was a 6502 with built in ROM, and the ROM had a Forth intrepreter in
there.

Yes, of course it's no longer available. I don't think it was very
avaiable when it was available, certainly kind of expensive. And not the
right device, the 6502 having that short one page or half a page stack.
But at the time, Forth was still reasonably new to most of us, and it was
intriguing.

Forth certainly has the advantage that it doesn't take up much space, but
can be endlessly expanded, including machine or assembly code. I've often
wondered what would have happened if Forth had been the "monitor" in so
many computers 30 years ago, giving the functions of those existing
monitors but so much more. Of course, some people still i nsist BASIC is
a good language because people need to start simple.

Michael

Rich Webb
Guest

Mon Jun 09, 2014 7:35 pm   



On Sun, 08 Jun 2014 21:19:45 GMT, greenaum_at_gmail.com (greenaum) wrote:

>Anyway I was thinking of starting with PIC cos it looks simple.

To quote the revered Nicholas O. Lindan: "In spite of its numerous
shortcomings a PIC is a remarkably useful tool for certain tasks. But
then, so is a sharp stick."

Quote:
But
Arduino has much more expansibility, and with the libraries and
modules, looks easy to stretch into areas without having to learn too
much first, which is nice.


Arduino is a great introduction to microcontrollers, where it can be
important for absolute beginners to be able to have a success or two
early on as an encouragement to persevere. Leaning on it too much for
too long can be crippling, as one never has to deal with the messy
details of setting fuses, configuring processor PLLs, GPIO setup, and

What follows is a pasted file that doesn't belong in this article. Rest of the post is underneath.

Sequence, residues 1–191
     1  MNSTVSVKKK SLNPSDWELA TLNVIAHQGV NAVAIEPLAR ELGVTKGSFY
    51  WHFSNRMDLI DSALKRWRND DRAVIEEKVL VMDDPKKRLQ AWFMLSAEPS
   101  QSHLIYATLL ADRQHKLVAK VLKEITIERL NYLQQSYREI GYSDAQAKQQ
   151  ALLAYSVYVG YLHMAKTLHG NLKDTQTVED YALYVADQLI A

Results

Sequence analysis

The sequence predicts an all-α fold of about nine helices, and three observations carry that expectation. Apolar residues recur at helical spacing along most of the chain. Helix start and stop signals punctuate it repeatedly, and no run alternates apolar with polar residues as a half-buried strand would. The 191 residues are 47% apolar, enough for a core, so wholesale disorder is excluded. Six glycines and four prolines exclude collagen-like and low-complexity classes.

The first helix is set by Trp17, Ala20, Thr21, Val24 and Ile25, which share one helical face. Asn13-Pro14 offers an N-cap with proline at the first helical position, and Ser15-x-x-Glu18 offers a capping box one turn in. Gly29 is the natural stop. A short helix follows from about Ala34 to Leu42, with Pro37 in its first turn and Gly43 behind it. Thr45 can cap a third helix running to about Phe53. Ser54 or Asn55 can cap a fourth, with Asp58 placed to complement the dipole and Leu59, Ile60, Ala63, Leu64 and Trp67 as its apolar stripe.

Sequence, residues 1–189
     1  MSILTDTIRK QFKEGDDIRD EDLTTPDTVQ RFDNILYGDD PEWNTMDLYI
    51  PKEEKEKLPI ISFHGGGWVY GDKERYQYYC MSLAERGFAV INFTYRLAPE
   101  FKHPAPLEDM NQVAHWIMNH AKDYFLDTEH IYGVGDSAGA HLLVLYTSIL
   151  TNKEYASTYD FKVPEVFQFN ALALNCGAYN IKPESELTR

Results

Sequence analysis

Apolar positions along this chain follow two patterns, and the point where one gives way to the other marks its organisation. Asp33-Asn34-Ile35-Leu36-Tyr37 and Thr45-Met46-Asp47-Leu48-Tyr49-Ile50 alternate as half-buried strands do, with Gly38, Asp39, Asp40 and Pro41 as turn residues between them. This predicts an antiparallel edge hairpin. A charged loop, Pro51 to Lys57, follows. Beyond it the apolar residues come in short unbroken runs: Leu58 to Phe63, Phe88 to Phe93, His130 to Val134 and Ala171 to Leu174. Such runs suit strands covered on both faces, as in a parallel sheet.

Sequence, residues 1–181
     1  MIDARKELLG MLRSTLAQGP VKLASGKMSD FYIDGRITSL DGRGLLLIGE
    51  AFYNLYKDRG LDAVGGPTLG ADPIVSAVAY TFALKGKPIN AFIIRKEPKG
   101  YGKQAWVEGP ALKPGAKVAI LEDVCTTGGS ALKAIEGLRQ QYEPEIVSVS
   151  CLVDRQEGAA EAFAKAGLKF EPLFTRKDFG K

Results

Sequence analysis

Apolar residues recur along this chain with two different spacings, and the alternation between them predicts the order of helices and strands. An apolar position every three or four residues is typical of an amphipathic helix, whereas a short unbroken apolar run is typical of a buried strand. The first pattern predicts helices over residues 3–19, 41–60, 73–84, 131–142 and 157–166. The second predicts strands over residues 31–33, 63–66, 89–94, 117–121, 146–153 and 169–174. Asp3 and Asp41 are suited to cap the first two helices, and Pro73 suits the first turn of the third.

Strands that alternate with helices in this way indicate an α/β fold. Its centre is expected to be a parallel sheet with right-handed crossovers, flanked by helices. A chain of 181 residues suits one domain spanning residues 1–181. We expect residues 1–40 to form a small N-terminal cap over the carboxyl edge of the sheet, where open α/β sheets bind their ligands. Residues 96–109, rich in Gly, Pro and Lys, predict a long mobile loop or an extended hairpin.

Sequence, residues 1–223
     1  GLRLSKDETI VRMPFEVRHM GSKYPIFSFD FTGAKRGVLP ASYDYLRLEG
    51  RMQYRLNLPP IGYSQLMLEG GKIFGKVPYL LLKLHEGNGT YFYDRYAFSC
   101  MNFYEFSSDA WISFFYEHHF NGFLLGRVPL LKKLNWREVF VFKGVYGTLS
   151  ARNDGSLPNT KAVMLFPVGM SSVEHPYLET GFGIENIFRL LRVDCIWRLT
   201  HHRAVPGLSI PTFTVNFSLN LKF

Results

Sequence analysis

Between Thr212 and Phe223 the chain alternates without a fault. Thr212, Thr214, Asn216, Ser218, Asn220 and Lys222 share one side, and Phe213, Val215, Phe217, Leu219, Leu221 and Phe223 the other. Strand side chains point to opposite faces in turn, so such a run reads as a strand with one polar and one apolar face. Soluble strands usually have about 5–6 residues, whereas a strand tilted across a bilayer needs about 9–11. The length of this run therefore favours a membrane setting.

so on. The reference manual for a currently popular micro, the
STM32F10x family, runs to over 1000 pages.


Quote:
SO... as a beginner, I want some sort of practice that's reliable and
easy to get early results from. Is there an easy way to start with PIC
for cheap, or should I forget that and get Arduino? And what's a good
kit to buy, and also a source of extra 'inos for further projects?


"Naked" AVRs are available in DIP form factors as well as a ton of dev
boards. Programmers (e.g., https://learn.adafruit.com/usbtinyisp) are
inexpensive, loaders (https://learn.adafruit.com/usbtinyisp/avrdude)
are free and the architecture is much nicer than the PIC's.

Quote:
There's a ton of sites on the web, but no obvious indication to take
one opinion over another. If someone wants to give me a setup, a
price, and ideally a UK supplier (or at least Amazon or Paypal if it's
foreign), I'd be very pleased and probably take the advice.


Olimex isn't in the UK but at least it's over on your side of the
pond: https://www.olimex.com/Products/AVR/. Their dev boards show up
on many other vendor sites, plus they've got programmers.

Jon Elson
Guest

Tue Jun 10, 2014 2:02 am   



greenaum wrote:


Quote:
I want to get into microcontrollers, just for for and a hobby. I think
my first project will be a scrolling display on an 8x8 LED, probably
extended to more later. But I wanna do all sorts of stuff, just to
tinker.

If you want to make a million, ucontrollers are great, quite inexpensive,
small, etc. But, there are a lot of restrictions on them, performance
and ease of debugging are some of the big ones. Have you seen the
Beagle Bone? It is an awesome system on a board the size of a credit card,